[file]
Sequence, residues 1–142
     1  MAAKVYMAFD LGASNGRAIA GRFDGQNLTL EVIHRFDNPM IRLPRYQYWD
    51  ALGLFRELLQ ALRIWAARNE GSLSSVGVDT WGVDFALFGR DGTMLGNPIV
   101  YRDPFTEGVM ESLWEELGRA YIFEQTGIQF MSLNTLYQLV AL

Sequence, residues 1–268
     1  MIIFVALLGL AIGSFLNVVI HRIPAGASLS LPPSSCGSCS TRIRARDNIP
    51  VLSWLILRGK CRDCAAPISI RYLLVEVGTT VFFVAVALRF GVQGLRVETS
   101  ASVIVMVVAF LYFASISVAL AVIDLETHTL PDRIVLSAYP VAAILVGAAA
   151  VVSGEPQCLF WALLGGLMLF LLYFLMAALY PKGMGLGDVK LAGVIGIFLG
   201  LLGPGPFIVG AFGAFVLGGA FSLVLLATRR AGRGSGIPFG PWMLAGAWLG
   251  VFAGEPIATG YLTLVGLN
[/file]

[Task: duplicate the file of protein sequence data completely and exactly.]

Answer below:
Sequence, residues 1–142
     1  MAAKVYMAFD LGASNGRAIA GRFDGQNLTL EVIHRFDNPM IRLPRYQYWD
    51  ALGLFRELLQ ALRIWAARNE GSLSSVGVDT WGVDFALFGR DGTMLGNPIV
   101  YRDPFTEGVM ESLWEELGRA YIFEQTGIQF MSLNTLYQLV AL

Sequence, residues 1–268
     1  MIIFVALLGL AIGSFLNVVI HRIPAGASLS LPPSSCGSCS TRIRARDNIP
    51  VLSWLILRGK CRDCAAPISI RYLLVEVGTT VFFVAVALRF GVQGLRVETS
   101  ASVIVMVVAF LYFASISVAL AVIDLETHTL PDRIVLSAYP VAAILVGAAA
   151  VVSGEPQCLF WALLGGLMLF LLYFLMAALY PKGMGLGDVK LAGVIGIFLG
   201  LLGPGPFIVG AFGAFVLGGA FSLVLLATRR AGRGSGIPFG PWMLAGAWLG
   251  VFAGEPIATG YLTLVGLN